Shortly after the tube for the fuselages arrived I made a jig to hold the sections securely when it came time to do the scribing. I taped a piece of sandpaper to a practice section, put it in the jig and it worked perfectly for sanding the pylon piece to match the curve of the body.



It worked on the finished exactly the same.


After adding some greeblies, the pylon was glued in place using 5-minute epoxy and it was finished.


If I learned anything this week it's that I'm in a different league now. The hobby of scratch building and kit bashing is more than just buying kits, cutting and gluing parts together. There's a reason not everyone does it and the cost is just part of it.

We're like archeologists. We study objects, do research and try to reverse engineer them in a hope of learning what their makers were doing. The models we build are our studies that we base our findings off of. That's why it's imperative that we share our information with information with each other. So we can all learn and make new discoveries or better ways of doing things in the future. But the best information is useless if you don't use it as I learned this week.


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Last edited:
March 24, 2024

It's been a minute since my last post. Trips to the coast and just being busy at work has slowed my progress but the doesn't mean things aren't happening.

For starters I went back and redid the cockpit dome. Although I was pleased with how it turned out, the acrylic material was going to be too hard for a newbie like me to scribe on. I ordered a new one from Plastruct (okay, two) and put the poor man's lathe back in service and cut a new one.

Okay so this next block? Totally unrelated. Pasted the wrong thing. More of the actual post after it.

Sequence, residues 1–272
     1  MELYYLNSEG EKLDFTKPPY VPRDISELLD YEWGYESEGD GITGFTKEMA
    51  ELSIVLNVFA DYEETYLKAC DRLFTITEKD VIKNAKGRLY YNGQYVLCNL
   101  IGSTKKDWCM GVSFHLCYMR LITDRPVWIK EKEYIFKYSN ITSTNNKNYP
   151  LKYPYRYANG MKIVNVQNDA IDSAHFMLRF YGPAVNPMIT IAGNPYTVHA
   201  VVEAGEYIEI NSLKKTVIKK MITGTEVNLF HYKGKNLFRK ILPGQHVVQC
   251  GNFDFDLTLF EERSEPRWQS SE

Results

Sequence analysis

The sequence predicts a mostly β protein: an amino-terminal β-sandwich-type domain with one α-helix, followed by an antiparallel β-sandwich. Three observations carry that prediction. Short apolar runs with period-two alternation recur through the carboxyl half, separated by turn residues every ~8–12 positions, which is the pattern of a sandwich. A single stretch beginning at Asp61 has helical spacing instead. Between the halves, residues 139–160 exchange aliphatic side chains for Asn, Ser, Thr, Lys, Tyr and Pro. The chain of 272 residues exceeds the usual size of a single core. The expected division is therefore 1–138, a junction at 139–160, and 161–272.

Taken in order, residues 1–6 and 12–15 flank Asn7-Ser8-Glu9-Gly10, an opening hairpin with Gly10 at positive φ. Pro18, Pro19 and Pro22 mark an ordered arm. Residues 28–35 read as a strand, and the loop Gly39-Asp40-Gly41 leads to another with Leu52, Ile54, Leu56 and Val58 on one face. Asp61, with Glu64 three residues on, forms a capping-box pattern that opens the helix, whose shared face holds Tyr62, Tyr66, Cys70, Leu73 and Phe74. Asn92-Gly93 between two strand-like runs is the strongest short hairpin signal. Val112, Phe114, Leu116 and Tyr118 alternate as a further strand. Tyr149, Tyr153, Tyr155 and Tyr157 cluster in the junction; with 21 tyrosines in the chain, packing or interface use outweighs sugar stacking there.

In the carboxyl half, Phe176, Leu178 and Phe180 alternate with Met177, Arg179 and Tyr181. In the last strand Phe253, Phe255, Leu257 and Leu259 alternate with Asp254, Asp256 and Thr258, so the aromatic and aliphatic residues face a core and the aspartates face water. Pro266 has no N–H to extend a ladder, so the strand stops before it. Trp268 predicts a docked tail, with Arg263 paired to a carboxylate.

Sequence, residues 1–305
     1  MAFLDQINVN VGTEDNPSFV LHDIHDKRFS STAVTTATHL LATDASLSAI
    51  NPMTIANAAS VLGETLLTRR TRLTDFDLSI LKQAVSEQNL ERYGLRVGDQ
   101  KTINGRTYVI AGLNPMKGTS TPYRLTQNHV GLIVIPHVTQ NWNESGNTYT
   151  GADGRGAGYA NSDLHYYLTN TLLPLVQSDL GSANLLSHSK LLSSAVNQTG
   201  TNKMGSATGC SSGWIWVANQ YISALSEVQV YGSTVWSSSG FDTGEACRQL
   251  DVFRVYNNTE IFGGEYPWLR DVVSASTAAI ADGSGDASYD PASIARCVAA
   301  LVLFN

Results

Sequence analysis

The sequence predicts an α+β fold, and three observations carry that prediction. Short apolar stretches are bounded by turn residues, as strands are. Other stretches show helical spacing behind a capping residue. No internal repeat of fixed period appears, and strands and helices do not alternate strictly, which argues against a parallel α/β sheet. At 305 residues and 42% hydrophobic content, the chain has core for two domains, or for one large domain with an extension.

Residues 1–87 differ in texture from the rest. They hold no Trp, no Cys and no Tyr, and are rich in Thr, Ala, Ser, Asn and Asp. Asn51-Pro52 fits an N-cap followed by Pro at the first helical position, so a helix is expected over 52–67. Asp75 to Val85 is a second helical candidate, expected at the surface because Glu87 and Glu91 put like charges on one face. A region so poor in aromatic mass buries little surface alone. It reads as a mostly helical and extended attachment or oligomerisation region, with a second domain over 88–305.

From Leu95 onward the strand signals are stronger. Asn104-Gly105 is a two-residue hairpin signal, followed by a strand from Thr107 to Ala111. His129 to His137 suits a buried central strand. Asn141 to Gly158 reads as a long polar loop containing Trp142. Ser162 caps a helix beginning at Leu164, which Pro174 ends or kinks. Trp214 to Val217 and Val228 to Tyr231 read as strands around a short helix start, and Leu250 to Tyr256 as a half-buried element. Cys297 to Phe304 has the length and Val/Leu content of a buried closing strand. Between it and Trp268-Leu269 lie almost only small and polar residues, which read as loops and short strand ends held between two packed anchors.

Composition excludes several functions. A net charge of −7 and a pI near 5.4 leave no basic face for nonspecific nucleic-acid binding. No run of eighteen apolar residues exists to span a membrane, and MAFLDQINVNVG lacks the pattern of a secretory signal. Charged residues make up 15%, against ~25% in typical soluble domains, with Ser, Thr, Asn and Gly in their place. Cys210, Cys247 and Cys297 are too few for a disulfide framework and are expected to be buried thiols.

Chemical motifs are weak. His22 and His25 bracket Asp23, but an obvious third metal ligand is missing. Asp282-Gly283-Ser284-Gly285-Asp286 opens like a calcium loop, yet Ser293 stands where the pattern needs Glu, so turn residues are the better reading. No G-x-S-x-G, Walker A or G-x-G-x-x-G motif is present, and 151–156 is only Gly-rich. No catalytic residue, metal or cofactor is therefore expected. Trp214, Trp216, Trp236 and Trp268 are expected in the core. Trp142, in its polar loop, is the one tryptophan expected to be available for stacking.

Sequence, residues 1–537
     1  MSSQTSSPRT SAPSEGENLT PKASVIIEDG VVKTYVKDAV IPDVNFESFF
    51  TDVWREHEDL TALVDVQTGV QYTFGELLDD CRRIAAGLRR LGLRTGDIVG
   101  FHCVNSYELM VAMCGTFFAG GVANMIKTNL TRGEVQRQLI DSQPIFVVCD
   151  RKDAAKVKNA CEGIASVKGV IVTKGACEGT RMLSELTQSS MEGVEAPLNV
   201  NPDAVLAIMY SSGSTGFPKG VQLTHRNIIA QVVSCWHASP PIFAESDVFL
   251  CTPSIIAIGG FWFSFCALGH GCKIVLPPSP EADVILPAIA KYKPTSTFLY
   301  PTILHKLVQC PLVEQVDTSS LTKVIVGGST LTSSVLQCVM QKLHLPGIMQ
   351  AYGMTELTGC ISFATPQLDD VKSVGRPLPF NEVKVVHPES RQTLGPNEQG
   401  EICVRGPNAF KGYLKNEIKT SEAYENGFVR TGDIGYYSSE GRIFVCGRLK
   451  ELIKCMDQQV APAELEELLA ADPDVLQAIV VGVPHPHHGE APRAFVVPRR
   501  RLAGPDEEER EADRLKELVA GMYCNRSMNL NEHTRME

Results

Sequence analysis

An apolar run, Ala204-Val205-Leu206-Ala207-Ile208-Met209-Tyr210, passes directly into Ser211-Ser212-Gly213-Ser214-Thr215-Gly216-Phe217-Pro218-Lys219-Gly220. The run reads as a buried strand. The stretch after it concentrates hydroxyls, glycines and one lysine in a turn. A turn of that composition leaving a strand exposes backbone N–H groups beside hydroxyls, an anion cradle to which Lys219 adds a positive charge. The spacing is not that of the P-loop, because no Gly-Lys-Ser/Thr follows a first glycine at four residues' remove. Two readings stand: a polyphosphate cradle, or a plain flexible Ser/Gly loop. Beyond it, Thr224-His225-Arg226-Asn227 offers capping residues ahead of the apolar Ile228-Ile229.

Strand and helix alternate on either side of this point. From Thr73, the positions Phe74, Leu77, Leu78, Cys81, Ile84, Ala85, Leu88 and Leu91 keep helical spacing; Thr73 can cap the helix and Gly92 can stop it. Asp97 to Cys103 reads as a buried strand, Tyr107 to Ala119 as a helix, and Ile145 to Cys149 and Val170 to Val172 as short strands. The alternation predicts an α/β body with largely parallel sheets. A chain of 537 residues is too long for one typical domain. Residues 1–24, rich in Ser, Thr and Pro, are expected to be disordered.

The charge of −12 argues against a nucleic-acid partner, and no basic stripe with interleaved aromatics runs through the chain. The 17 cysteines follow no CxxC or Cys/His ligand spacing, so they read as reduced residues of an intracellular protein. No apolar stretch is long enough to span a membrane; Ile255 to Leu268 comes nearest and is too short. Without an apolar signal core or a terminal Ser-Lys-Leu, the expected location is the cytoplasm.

Next I needed to make my reference lines for the scribing. I scuffed the smooth surface with a sanding sponge to create some tooth for my pencil marks.


"Gettin' jiggy with it..." Two jigs actual. The first is one I made for scribing the panel lines on the body tube and the other for creating the lines around the cockpit.

I used the body one again, this time to sand a piece of styrene to match the curvature of the former 2" dome.



I have to say, this worked pretty slick.


I used plastic Dymo label maker tape as a guide for the scribing. This is a technique that's been around in the fundamental and scale model worlds for quite a while and this seemed like an appropriate time to try it out. It took a little burnishing to conform to the compound curve of the surface but like I said, the burnishing did the trick.


At this point I'd like to thank rbeach84 for recommending this scribing tool.


It's a game changer for me. I feel like I have more control than other tools I've used in the past. Mostly because the whole thing fits in the palm of my hand. That said, the little *******'s super slippery. I ended up giving it a Tom Sachs/hockey stick/prison shiv wrap for grip.


Aside from a couple slip ups that needed some spot filler the scribing turned out good or at least within my margins of what I deem acceptable.


That's going to be it for now as I now need to tame and reign in the **** fight that's my office.


Next: First Time Casting